Canada Residential Real Estate Market Analysis 2023

Canada’s housing market is now losing steam, as rising interest rates, a decline in purchasing power due to high inflation, and heightened economic uncertainty are pushing potential homebuyers to the sidelines.

During 2022, house prices in Canada’s eleven major cities rose by a modest 2.26%, a sharp deceleration from the prior year’s 15.47% growth, according to figures from Teranet – National Bank of Canada. When adjusted for inflation, house prices actually dropped 3.82% last year.

“The housing market story of 2022 was about high inflation and rising interest rates. The 2023 market will depend on the timing and extent those factors move back in the other direction,” said CREA’s senior economist Shaun Cathcart.

Ten of Canada’s eleven major cities saw a sharp slowdown in house price growth last year. Despite this, Calgary recorded the biggest house price increase during 2022 at 14.34%, followed by Edmonton (7.22%), Quebec (6.17%), Halifax (5.82%), and Montreal (5.06%). Meager house price growth was seen in Victoria (1.86%), Vancouver (0.86%), Winnipeg (0.85%), Toronto (0.58%), and Ottawa (0.56%). Only Hamilton registered a house price fall of 1.3%.

Canada’s house price annual change

Figures from the Canadian Real Estate Association (CREA) are more dismal, with the actual national average sales price falling by 12% (-17% inflation-adjusted) in December 2022 as compared to a year earlier.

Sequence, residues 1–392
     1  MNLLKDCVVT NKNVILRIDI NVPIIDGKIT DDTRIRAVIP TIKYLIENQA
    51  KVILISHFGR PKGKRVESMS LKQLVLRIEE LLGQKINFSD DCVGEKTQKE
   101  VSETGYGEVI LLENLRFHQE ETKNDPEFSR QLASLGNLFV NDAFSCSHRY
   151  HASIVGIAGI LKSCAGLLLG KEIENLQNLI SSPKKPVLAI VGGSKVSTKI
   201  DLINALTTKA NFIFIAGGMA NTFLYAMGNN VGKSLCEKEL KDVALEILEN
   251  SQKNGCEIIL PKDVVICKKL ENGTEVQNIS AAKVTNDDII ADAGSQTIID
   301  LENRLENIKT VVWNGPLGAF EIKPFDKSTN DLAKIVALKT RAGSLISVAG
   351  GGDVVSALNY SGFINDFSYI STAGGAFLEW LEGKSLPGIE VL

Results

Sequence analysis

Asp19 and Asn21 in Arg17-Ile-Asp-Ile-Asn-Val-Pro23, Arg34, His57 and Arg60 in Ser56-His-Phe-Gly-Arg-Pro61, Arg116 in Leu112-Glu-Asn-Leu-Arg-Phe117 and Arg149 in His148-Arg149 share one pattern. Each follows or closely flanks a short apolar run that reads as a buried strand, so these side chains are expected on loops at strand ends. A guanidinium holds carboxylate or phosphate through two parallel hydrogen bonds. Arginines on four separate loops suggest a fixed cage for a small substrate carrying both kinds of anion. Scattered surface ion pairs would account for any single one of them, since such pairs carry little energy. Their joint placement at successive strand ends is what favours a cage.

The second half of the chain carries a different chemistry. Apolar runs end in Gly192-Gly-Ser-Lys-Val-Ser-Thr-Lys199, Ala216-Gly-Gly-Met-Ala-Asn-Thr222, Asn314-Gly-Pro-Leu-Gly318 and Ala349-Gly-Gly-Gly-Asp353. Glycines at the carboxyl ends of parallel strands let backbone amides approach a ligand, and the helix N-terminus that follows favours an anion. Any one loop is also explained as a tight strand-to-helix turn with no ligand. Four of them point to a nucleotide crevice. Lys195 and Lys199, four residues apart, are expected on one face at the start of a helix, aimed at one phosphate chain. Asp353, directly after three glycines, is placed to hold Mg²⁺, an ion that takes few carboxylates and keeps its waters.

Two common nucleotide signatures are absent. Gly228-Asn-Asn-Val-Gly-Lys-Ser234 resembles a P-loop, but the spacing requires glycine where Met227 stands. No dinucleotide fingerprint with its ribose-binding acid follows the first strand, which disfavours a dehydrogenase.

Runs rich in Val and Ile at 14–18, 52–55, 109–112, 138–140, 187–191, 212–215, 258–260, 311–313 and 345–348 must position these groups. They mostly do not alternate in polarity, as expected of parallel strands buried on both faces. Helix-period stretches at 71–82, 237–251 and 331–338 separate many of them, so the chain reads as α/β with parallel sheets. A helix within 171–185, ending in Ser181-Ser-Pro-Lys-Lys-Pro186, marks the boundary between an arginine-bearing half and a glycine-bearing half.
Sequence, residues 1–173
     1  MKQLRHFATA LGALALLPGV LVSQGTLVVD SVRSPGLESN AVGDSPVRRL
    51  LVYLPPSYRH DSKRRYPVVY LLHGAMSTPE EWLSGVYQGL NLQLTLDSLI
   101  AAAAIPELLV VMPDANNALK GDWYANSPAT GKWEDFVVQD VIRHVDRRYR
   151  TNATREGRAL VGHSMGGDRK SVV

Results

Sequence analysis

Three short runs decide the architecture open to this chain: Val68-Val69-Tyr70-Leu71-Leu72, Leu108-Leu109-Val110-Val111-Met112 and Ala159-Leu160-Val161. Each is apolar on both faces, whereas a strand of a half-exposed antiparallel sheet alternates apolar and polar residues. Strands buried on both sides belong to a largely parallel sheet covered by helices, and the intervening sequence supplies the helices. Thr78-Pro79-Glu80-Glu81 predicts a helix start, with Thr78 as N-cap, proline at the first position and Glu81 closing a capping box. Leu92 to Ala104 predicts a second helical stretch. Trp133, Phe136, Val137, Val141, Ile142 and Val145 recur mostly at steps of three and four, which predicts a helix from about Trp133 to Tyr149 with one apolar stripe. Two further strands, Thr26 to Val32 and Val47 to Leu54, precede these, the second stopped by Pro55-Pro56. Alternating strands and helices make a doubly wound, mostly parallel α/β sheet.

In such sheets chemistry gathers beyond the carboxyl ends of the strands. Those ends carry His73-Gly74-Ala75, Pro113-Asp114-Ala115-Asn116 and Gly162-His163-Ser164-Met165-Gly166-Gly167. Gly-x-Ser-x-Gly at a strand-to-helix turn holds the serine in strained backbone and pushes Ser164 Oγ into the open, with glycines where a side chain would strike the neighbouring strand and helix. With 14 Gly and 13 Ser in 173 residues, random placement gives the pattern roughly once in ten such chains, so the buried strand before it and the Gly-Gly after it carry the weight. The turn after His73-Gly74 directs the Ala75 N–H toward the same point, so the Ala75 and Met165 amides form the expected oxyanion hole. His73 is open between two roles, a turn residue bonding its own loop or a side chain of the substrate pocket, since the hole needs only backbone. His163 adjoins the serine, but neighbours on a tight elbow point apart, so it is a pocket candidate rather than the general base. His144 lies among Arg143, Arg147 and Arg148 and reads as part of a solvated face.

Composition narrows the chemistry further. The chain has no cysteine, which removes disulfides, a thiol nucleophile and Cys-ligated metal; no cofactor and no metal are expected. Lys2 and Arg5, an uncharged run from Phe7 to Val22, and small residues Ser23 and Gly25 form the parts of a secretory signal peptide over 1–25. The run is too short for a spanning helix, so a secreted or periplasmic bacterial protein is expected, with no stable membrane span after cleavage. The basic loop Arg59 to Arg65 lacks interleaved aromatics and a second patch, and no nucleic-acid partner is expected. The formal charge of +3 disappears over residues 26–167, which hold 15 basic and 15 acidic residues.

By property type:

  • One-story single-family home prices fell on average by 9.18% y-o-y in December 2022 (-14.58% inflation-adjusted).
  • Two-story single-family home prices dropped 8.79% y-o-y (-14.21% inflation-adjusted).
  • Townhouse prices were down by a more modest 4.22%, on average, over the same period (-9.91% inflation-adjusted).
  • Apartment prices were more or less steady during 2022 but fell by 5.85% when adjusted for inflation.

The national average home price stood at CA$ 703,875 (US$ 527,627) in 2022, up by a modest 2.4%  from a year earlier, according to CREA. British Columbia and Ontario had the most expensive housing markets in the country, with average prices of CA$ 996,694 (US$747,235) and CA$ 931,953 (US$ 698,697), respectively.

Both demand and supply are now falling. During 2022, the total number of residential property sales transactions plummeted by 25.2% y-o-y to 498,269 units from a record-high of 666,399 units in 2021, in contrast to annual increases of 20.5% in 2021 and 12.6% in 2020, according to figures from CREA.

Likewise, the total number of dwelling starts fell modestly by 3.4% y-o-y to 261,849 units in 2022, in sharp contrast to a huge 24.5% growth in 2021, according to CMHC.

The Canadian economy grew by a modest 3.6% during 2022, following an expansion of 4.5% in 2021 and a contraction of 5.2% in 2020, according to the Bank of Canada. However the economic outlook is now bleak, as higher borrowing costs adversely affect consumer spending and as export growth moderates amidst deteriorating global economic conditions. The central bank expects Canada’s economy to grow by a meager 1% this year.

A long and steady boom

Canadian house prices have risen almost continuously for nearly two decades:

  • From Q1 2000 to Q1 2009, house prices rose by 79% (49% inflation-adjusted), due to low interest rates and economic growth.
  • From Q2 2009 to Q3 2012, house prices increased by another 24% (17% inflation-adjusted), despite government efforts to cool the housing market.
  • From Q4 2012 to Q4 2015, tighter mortgage rules implemented in July 2012 helped calm the market, but house prices still rose by around 15.7% (10.8% inflation-adjusted).